Walter P. Chrysler (An Icon)

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Walter P. Chrysler (An Icon)

In 1892, a 17-year-old Walter P. Chrysler begins an apprenticeship as a railroad engineer with Union Pacific in Ellis, Kansas.

As a young train mechanic Chrysler develops and builds his own special tools because, as he said ‘A good mechanic should never trust a tool that he didn’t put together and harden himself.’

In 1908 Walter P. Chrysler, at the age of 33 and already a top manager at Chicago Great Western Railway, with a monthly salary of $350, buys his first automobile for $5,000 – a white Locomobile Phaeton with a red interior. He takes the car apart and puts it together again several times to get to know its technology. As a result, he learns to drive.

In 1912 Walter P. Chrysler becomes production manager of the Buick Motor Company in Flint, Michigan, a subsidiary of the General Motors Company. His starting annual salary with Buick is $6,000. During his time with the company, Chrysler raises daily production from 20 to 550 vehicles.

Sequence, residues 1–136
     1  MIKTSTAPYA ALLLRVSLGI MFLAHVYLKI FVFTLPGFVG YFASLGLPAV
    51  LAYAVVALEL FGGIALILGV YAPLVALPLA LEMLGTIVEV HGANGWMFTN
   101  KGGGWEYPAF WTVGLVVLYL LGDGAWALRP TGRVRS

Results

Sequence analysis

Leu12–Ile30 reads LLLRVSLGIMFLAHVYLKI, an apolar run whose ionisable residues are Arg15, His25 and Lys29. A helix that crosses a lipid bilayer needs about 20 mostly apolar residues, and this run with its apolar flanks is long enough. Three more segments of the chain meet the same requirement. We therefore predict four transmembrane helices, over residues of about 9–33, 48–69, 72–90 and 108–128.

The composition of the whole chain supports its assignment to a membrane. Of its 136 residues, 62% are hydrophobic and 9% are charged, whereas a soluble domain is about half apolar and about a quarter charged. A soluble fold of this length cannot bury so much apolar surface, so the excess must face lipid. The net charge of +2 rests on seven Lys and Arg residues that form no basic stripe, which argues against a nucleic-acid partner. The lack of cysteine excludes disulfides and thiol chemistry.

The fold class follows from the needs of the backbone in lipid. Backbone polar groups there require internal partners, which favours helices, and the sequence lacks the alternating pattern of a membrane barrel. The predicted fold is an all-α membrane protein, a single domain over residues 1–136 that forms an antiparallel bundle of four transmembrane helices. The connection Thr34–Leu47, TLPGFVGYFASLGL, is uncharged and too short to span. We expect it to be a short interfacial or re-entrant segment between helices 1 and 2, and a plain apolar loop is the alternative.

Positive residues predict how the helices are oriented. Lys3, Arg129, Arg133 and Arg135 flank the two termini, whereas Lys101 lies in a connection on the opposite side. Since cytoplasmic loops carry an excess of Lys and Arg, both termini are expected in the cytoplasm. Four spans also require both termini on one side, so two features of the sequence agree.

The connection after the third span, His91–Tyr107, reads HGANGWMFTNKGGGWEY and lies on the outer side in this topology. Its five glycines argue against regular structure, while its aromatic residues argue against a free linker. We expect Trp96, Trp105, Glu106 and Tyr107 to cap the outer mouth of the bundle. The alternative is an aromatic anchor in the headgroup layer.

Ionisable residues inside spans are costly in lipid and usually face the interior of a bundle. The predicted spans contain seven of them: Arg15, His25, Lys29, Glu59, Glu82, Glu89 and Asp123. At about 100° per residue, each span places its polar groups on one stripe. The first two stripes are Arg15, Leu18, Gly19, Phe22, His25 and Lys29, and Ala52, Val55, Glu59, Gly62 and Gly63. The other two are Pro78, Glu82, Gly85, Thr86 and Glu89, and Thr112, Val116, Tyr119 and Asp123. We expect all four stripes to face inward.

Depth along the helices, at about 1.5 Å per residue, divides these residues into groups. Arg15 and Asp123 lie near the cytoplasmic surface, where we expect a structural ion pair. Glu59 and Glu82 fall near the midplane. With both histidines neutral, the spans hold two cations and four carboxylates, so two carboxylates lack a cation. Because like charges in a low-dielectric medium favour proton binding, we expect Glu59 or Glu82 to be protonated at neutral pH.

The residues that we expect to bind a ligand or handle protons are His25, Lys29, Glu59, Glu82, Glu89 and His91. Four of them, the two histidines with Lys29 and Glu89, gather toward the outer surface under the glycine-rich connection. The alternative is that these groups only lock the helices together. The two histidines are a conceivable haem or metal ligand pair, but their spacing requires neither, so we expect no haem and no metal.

In 1916 the General Motors Company becomes General Motors Corporation and makes Buick its first division.
In 1917 Walter Chrysler becomes President and general manager of Buick. Under his leadership, Buick becomes ‘GM’s biggest money maker.’

In 1919 Walter P. Chrysler becomes the first Vice President of General Motors Corporation in charge of production, in addition to his responsibilities at Buick.

In 1920 –  Because of differences with GM chief William C. Durant, Walter P. Chrysler, age 45, resigns from his General Motors posts. Only a few months after his resignation, creditors of Willys-Overland Co. recruit Chrysler as Executive Vice President. Chrysler would be given total freedom to operate the company and a two-year contract for the unheard-of salary of $1 million per year. Within two years, Chrysler turns the company around.
Parallel to that, Chrysler, also at the behest of the creditor banks, revives the Maxwell Motor Company, 90 percent of which belongs to the Chalmers Motor Company.

Walter P. Chrysler with original 1924 Chrysler Six. Chrysler brand 75th Anniversary press kit photo. March, 1999.

In 1935 Walter P. Chrysler resigns as President of Chrysler Corp., but remains Chairman. K.T. Keller, who joined Chrysler in 1926 from General Motors, becomes President.

In 1936 Total Chrysler output reaches a million vehicles per year.

1940- Walter P. Chrysler dies at age 65 on August 18.

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